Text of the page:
The adsorbed conformation of globular proteins at the air/water interface
Lad, M.D., Birembaut, F., Matthew, J.M., Frazier, R. and Green, R. J. (2006) The adsorbed conformation of globular proteins at the air/water interface. Physical Chemistry Chemical Physics, 8 (18). pp. 2179-2186. ISSN 1463-9076
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To link to this article DOI: 10.1039/b515934b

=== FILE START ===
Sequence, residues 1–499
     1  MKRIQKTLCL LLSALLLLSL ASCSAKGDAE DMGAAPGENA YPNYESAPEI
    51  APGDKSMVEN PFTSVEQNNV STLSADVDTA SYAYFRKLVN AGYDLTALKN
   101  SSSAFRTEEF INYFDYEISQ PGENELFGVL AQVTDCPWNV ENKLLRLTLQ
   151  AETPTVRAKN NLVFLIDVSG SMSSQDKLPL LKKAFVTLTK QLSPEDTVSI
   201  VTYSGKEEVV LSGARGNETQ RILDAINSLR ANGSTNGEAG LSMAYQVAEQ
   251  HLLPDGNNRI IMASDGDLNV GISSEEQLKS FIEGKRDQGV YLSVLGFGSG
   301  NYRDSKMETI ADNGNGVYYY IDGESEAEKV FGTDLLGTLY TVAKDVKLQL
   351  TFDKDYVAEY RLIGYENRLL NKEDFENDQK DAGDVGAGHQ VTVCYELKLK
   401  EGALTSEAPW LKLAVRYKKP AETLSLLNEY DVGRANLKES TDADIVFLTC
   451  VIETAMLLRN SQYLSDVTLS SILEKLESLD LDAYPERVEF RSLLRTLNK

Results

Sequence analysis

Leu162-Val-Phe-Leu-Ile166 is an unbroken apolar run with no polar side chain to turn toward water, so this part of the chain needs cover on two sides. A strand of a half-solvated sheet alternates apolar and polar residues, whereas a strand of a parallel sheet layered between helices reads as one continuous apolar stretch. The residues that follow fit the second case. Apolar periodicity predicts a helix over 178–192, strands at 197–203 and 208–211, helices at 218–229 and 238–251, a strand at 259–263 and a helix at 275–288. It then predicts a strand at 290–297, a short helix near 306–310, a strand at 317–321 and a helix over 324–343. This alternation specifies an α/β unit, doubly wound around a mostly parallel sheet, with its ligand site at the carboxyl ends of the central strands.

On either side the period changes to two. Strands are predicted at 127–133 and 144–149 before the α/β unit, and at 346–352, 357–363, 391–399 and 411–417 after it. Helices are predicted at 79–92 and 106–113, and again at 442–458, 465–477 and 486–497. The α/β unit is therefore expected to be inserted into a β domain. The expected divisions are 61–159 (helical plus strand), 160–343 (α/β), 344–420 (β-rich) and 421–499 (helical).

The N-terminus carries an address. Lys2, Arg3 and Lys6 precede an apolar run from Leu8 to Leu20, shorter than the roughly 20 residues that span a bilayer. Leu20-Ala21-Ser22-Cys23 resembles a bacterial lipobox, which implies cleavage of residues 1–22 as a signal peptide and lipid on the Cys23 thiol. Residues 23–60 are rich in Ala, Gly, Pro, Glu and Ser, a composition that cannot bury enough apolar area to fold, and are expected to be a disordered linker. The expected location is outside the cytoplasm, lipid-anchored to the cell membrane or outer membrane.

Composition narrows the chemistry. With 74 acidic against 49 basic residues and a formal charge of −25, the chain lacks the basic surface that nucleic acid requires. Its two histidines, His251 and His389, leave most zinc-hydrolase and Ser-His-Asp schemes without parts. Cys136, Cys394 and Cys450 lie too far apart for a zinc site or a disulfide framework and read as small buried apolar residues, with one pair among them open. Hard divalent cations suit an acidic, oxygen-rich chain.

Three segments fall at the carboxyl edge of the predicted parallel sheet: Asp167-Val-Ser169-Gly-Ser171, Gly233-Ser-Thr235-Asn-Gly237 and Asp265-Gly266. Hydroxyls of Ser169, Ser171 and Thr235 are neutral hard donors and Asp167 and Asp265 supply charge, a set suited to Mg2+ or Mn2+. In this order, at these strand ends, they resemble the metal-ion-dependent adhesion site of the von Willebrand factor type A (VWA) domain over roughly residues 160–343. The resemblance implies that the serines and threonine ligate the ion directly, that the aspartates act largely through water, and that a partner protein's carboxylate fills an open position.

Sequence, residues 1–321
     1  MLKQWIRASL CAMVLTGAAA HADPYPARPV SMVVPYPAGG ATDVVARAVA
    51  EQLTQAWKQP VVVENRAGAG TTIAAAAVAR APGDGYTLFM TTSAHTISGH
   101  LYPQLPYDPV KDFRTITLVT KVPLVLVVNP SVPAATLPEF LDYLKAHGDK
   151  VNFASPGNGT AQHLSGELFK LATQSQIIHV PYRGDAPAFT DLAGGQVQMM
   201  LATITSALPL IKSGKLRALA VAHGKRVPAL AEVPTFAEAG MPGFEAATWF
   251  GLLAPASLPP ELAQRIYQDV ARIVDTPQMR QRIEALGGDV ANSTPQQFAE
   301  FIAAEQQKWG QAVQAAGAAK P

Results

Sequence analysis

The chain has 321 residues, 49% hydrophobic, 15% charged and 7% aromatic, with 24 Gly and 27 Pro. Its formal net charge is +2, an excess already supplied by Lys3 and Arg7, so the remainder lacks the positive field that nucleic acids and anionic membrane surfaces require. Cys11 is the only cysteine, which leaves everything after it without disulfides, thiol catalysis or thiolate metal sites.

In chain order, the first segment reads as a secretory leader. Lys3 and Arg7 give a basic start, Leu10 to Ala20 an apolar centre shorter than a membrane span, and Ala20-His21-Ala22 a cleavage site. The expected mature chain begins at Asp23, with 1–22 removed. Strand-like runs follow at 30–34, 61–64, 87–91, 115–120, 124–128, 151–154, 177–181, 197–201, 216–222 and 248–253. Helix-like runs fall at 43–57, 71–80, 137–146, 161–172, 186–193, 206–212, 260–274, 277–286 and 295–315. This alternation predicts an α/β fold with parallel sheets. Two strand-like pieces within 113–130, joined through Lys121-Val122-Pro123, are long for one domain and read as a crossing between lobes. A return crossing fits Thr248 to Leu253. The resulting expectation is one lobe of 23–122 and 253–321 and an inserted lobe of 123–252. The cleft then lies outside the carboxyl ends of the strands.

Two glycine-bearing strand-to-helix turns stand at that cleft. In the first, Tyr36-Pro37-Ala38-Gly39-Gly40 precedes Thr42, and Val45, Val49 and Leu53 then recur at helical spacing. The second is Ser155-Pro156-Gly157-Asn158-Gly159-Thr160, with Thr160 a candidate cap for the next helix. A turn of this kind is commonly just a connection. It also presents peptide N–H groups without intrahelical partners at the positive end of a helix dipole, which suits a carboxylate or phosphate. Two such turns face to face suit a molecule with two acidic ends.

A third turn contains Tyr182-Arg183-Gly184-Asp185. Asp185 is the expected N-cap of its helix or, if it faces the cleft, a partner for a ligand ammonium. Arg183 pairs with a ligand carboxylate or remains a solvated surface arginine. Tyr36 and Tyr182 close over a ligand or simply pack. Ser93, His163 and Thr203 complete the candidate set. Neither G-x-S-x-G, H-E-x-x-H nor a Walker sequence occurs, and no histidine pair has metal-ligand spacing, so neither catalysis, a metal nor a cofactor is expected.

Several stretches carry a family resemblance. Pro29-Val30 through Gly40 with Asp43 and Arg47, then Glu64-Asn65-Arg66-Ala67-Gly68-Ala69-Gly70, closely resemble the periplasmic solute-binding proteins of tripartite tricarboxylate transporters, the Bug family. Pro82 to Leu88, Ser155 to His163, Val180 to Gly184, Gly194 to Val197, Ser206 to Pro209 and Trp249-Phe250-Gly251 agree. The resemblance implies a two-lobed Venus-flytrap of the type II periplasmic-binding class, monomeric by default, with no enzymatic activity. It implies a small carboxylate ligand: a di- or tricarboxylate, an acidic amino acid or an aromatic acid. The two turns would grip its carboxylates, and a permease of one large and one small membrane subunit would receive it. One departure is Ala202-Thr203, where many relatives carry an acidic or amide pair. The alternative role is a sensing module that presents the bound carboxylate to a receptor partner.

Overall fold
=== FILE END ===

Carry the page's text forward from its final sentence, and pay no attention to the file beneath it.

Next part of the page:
External reflection FTIR spectroscopy and surface pressure measurements were used to compare conformational changes in the adsorbed structures of three globular proteins at the air/water interface. Of the three proteins studied, lysozyme, bovine serum albumin and P-lactoglobulin, lysozyme was unique in its behaviour. Lysozyme adsorption was slow, taking approximately 2.5 h to reach a surface pressure plateau (from a 0.07 mM solution), and led to significant structural change. The FTIR spectra revealed that lysozyme formed a highly networked adsorbed layer of unfolded protein with high antiparallel beta-sheet content and that these changes occurred rapidly (within 10 min). This non-native secondary structure is analogous to that of a 3D heat-set protein gel, suggesting that the adsorbed protein formed a highly networked interfacial layer. Albumin and P-lactoglobulin adsorbed rapidly (reaching a plateau within 10 min) and with little chance to their native secondary structure.